Not much of academic freedom is left in this country particularly if one wishes to engage in a critical manner the founding of the State of Israel and its conduct since its establishment in 1948. We have the American Association of University Professors (AAUP) and the Foundation for Individual Rights in Education (FIRE). The latter saved my job in threatening legal action and aggressive media coverage on WGN and elsewhere. While AAUP is improving, FIRE has a quicker response time and embraces direct-action tactics. AAUP, until recently, seemed uncomfortable in protecting speech that was critical of the prescribed narrative on the Middle East. The DePaul University Norman Finkelstein tenure-travesty case was tepidly addressed by the AAUP. The Salaita case, however, has induced a more vibrant and energised AAUP defence of its own values.

AAUP exercises soft law that emerged over decades in documents and reports in the Redbook that serves as the common law for higher education. Illinois AAUP Committee A on Academic Freedom and Tenure issued the first formal academic statement on the Salaita case within hours of the Inside Higher Ed article on August 6 and played a key role along with P-Fac in the Iymen Chehade controversy that many here are familiar with. The Salaita firing, the Chehade Israeli/Palestinian course-section cancellation, which was restored, and my suspension represent an assault on academic freedom both inside and outside the classroom. The three of us challenged the ruling elites of universities and colleges that wish to suppress a narrative that challenges the prevailing orthodoxy on the Middle East or American imperialism and its thirst for perpetual war and racist empire.

Academic freedom generally exists for those who don’t need it and is abandoned and marginalised for those who do. Professor Salaita had the First Amendment constitutional right as a professor at a public university to express those views as he did. He was a passionate defender of the defenceless as bombs were blasting over and among a poor and terrified population in Gaza. He expressed antiwar outrage with children being bombed, families destroyed, electric-power stations and homes leveled by American-manufactured fighter jets. While Dr. Salaita’s language was described in the Illinois Committee A report as “strident and vulgar,” the University of Illinois chose to decontextualise it from other tweets that stressed reconciliation between Muslim and Jew and that denounced anti-semitism. I have yet to hear Chancellor Wise denounce anti-Arab racialism. I doubt if Professor Salaita had aimed his tweets against Hamas instead of Israel, whether we would even be here tonight.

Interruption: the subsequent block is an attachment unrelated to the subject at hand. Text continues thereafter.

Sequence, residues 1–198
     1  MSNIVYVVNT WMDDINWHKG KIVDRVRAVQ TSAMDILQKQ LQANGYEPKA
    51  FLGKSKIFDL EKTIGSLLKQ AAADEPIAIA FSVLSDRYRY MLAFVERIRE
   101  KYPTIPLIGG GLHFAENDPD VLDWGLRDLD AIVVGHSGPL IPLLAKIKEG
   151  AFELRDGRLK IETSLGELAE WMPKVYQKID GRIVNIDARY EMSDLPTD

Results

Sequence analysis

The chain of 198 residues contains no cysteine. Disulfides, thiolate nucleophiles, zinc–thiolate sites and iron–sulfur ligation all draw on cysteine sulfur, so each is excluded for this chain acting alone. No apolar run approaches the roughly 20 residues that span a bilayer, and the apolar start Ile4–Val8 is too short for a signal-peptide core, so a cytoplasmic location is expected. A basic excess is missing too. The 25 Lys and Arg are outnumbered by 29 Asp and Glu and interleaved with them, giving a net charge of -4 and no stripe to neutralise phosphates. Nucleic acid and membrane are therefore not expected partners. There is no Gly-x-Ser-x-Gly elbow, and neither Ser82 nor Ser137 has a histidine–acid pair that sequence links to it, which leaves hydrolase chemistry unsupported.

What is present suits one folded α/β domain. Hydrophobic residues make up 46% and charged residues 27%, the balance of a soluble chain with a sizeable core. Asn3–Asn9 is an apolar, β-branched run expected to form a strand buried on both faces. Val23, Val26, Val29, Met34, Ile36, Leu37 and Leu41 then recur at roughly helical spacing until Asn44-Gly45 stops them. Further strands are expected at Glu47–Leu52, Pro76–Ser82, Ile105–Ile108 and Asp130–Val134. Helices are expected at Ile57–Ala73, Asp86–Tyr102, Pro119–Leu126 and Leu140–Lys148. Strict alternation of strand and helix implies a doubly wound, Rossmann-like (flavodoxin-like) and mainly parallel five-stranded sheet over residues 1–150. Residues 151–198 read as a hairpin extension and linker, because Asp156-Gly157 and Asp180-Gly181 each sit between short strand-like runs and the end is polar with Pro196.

What is so disturbing about the Salaita dismissal case is that the University of Illinois bypassed the American Indian Studies hiring process and cavalierly made egregious assumptions about his teaching objectivity based on 140-character tweets. Neither my email to the Air Force Academy or Steven’s tweets, which are extramural utterances, have any bearing on one’s fitness in the classroom. Peer review classroom visits, asking a job candidate to give a guest lecture, examining syllabi and student course evaluations are how professionals evaluate teaching. Caving into fund raisers and e-mail campaigns from pro-Israel groups to deny students from receiving a balanced view­­­­­­ of the Middle East conflict was the real reason for the summary dismissal of Dr. Salaita.

In 1970, AAUP revised the 1940 Statement of Principles on Academic Freedom and Tenure that is relevant to the Salaita case:

“Paragraph 3 of the section on Academic Freedom in the 1940 Statement should also be interpreted in keeping with the1964 Committee A Statement on Extramural Utterances, which states: “The controlling principle is that a faculty member’s expression of opinion as a citizen cannot constitute grounds for dismissal unless it clearly demonstrates the faculty member’s unfitness for his or her position. Extramural utterances rarely bear upon the faculty member’s fitness for the position. Moreover, a final decision should take into account the faculty member’s entire record as a teacher and scholar.” {Emphasis added}

As Illinois AAUP Committee A averred in its statement defending Professor Salaita’s academic freedom and right to academic due process:

We are unaware that the university has afforded Professor Salaita any due process. In the absence of due process, particularly if a contract were signed, any institutional action to reverse an offer of appointment would be a grave violation of academic due process. Furthermore, there is nothing in the Salaita statements about Israel or Zionism that would raise questions about his fitness to teach. These statements were not made in front of students, are not related to a course that is being taught, and do not reflect in any manner his quality of teaching. What one says out of class rarely, in the absence of peer review of teaching, confirms how one teaches. Passion about a topic even if emotionally expressed through social network, does not allow one to draw inferences about teaching that could possibly rise to the voiding or reversal of a job appointment.

We shall see what happens next. I predict, speaking only for myself, there will be an AAUP investigation and a recommendation for censure of the University of Illinois at Urbana-Champaign if there is not a restoration of Professor Salaita’s position as a tenured associate professor in the American Indian Studies Program. We need to keep the pressure on and the drean alive that justice will prevail.

Thank you

This entry was posted in A: Kirstein Academic Freedom Case, Academia/Academic Freedom, Diversity and Race, External Affairs. Bookmark the permalink.